I was at the Dana Adobe event, in Nipomo, on Saturday. I get invited to these things because I cook, and I make a great demo out of it. I had my metate out, and was grinding corn (lye-soaked corn, not hard corn) while the premade tamales steamed over the fire. And invited the kids to help me grind the corn. I got a lot enthusiastic helpers! I also showed them period sugar, both as cones (like you get in Mexican markets to this day) and slightly beige rock sugar, which has to be pounded (when it turns white). The kids loved it! I had them enthusiastically pounding sugar and grinding corn for hours! I was left with a nice batch of corn flour for the next batch of masa for living history tamales (yes, I seed the commercially pre-made flour with some that's been authentically ground).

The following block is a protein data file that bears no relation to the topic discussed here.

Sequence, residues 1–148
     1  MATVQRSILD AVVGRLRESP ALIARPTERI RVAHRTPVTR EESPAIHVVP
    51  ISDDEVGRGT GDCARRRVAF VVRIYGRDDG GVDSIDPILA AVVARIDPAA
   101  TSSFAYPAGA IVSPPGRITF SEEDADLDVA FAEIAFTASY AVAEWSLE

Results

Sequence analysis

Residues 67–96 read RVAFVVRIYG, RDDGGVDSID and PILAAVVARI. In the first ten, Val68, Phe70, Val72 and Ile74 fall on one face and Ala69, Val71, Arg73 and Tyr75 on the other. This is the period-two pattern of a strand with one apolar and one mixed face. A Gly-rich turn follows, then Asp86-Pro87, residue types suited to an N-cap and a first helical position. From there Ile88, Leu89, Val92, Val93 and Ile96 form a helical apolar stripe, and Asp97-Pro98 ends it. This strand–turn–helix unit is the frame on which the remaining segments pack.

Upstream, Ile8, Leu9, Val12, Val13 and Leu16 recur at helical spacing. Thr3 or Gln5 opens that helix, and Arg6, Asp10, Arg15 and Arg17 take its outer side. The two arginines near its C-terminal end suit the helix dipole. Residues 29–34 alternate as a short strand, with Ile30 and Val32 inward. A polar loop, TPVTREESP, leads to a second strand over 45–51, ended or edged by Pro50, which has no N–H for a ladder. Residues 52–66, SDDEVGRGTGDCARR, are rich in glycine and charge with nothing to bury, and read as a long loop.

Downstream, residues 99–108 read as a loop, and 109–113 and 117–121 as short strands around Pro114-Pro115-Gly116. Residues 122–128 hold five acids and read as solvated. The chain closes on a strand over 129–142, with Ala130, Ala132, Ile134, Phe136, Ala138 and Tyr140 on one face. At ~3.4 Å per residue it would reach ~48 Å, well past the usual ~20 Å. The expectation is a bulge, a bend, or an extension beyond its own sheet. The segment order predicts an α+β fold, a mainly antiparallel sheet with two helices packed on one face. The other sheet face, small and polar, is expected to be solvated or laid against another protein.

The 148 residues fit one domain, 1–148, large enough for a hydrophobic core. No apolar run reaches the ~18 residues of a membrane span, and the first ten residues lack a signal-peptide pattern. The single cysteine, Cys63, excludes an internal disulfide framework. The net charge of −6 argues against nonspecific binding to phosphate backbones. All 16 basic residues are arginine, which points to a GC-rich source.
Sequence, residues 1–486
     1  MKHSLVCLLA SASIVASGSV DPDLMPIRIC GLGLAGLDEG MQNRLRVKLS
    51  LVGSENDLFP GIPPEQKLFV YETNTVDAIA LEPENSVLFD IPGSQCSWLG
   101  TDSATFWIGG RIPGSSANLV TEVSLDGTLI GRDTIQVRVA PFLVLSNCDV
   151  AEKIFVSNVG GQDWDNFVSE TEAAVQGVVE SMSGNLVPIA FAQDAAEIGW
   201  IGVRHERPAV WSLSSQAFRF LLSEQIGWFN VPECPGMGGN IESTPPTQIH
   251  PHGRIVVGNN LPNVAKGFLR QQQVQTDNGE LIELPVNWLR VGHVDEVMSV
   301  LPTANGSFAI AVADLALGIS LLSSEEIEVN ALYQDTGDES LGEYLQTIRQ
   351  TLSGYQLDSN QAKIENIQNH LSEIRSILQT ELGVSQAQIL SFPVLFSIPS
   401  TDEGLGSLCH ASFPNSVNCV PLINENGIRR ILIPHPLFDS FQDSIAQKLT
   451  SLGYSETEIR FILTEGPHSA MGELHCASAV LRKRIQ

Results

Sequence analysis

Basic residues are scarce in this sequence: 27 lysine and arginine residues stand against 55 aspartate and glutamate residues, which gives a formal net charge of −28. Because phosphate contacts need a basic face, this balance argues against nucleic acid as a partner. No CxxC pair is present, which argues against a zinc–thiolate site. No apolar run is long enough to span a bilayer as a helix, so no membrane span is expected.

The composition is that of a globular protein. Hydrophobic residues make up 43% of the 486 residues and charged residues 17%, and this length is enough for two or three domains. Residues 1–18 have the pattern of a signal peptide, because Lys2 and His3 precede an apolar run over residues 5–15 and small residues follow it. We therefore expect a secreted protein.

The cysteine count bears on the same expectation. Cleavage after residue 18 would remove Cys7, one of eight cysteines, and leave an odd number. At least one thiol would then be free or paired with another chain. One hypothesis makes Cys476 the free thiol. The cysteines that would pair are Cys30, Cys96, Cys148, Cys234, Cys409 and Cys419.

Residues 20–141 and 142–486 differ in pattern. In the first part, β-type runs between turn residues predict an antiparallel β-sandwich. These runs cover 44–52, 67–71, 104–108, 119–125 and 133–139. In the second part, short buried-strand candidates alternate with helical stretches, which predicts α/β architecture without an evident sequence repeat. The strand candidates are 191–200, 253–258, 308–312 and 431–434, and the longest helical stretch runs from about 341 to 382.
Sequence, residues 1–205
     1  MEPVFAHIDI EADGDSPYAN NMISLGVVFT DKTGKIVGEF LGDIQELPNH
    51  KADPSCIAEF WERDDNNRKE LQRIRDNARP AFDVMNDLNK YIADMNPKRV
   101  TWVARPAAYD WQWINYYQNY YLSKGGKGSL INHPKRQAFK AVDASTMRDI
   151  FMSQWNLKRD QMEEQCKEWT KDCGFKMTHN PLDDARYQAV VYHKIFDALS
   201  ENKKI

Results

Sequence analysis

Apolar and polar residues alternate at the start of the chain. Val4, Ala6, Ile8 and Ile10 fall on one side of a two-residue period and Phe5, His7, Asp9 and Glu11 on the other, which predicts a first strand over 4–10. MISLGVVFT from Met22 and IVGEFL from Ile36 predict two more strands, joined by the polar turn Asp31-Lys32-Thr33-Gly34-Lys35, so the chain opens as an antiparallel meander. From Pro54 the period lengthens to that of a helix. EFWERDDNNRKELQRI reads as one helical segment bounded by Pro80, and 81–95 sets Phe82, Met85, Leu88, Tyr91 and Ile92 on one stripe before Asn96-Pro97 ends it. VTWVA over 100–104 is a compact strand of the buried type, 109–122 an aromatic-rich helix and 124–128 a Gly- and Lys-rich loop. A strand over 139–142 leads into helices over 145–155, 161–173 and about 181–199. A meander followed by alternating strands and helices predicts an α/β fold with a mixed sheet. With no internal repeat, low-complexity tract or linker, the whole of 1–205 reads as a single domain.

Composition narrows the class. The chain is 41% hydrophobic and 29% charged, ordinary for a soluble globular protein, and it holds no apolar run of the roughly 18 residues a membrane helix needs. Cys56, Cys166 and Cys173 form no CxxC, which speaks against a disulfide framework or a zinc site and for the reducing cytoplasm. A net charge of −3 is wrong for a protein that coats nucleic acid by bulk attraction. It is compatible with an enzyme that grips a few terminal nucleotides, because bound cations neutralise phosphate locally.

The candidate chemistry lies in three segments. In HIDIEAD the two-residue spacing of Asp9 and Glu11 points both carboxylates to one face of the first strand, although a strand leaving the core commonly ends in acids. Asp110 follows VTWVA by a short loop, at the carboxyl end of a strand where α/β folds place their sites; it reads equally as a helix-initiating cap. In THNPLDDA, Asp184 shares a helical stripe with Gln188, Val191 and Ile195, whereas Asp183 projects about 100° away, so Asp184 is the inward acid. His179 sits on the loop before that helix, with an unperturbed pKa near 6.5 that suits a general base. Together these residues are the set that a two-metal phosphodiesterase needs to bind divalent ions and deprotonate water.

And of course, my friends at the event, whom I was cooking for, loved the rice, the tamales, the chili sauce from an 1853 recipe... I also had one of visitors who offered to buy a tamale. I gave him two, and he gave me a buck. He said he wanted to compare them to his mother's tamales. His wife watched him "mmmm"ing over one, and asked "So is it as good as your mom's?" and he said "I don't want to say..." which got a grin from me. If it's as good or better, he really doesn't want to say... It was the same grin I go when a decendant of the Vallejo family told me that my empanadas reminded her of those she got in her aunt's kitchen back in the 1920's. I try hard to make difinitive Californio food! (And it's somewhat different from the standard Mexican food most folks think of.) It gets me invited to cool places, too.